Sophie cites Tracey Emin as an influence and inspiration, and references the way the legendary British artist dealt with criticism of her infamous 1998 work, ‘My Bed’, that comprised an unmade bed surrounded by everyday paraphernalia such as slippers, soiled underwear, cigarettes and used condoms.
“People told her that anyone could have done it, and her response was, ‘Yeah, but they didn’t, did they?’” says Sophie. “I think that is so powerful because it’s the same for everything. What I’m doing is not rocket science, I just got up off my arse and did it. It’s a mantra I follow: ‘go do it’.”
Sophie did recently make an exception to her ‘no gallery’ rule, allowing her work to be exhibited by Maddox who also represent the likes of Damien Hirst, and her idol, Tracy Emin.
“That was quite out of the ordinary for me, but to be in a gallery surrounded by those names is amazing. It’s a really progressive gallery, and the exhibition, HerStory, was a curation of emerging female artists in honour of International Women’s Day.”
Do you believe art should always have a message?
“I think a lot of artists will start with a message or a concept and work backwards in order to create something from that. I know that, traditionally, art is supposed to stand for something, but I had no formal training so for me, it’s all about aesthetics, the creating, the exploration of new materials. If there’s no meaning, that’s fine, so long as it brings joy and happiness hanging on someone’s wall.”
As well as walls, Sophie’s art has graced actual human bodies, including her own. She (in)famously first went viral in 2016 posing topless while adorned in with paint, jewels and glitter, sparking the ‘glitter boobs’ trend, and has since turned her talents to painting nudes on canvas. Last December also launched her Send Nudes exhibition which comprised women gracing the catwalk unclothed.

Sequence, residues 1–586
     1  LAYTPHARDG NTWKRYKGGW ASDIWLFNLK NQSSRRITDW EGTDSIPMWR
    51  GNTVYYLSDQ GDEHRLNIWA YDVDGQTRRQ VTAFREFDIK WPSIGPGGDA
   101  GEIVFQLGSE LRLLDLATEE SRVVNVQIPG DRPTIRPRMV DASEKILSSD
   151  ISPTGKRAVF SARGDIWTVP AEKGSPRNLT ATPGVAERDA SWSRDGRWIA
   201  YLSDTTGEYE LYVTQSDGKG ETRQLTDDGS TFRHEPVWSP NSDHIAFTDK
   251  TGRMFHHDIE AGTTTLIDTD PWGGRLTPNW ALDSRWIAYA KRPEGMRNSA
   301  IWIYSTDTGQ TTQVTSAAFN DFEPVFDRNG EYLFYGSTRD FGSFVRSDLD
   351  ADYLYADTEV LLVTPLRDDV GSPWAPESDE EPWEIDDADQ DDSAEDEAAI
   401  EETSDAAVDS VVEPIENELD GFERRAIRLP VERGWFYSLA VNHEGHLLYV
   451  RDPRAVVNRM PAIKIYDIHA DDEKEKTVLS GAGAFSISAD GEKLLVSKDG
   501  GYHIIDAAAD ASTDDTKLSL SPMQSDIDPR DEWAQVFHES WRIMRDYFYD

“I have this amazing online following and so asked if any of them wanted to be my muse,” she says. “I asked that anyone who wanted to be painted to send a naked picture. I was in Bali at the time and woke up to more than 1,000 images with descriptions of why they found it important to get in touch.”
Sophie reveals that the women were of all shapes and races, aged from 20 to 75, some pregnant, some with mastectomies, some with stretch marks and some with self-harm scars. There were messages of heartbreak and of loss and of cancer, while others were humorous and light-hearted with lines such as: “I never send my boyfriend nudes, but for you, here we go!”
“It unintentionally became a feminist movement,” says Sophie. “We got them involved in the live show, walking down the catwalk naked and painted, with my art in the background.”
For as long as she can remember, Sophie says she always dreamt of running her own business, she just wasn’t sure what kind. I ask what she was like as a child, and she laughs that she can’t recall—though her mum has lots of pictures of her with a brush in hand, including one that would foretell her future: painting her little sister, naked!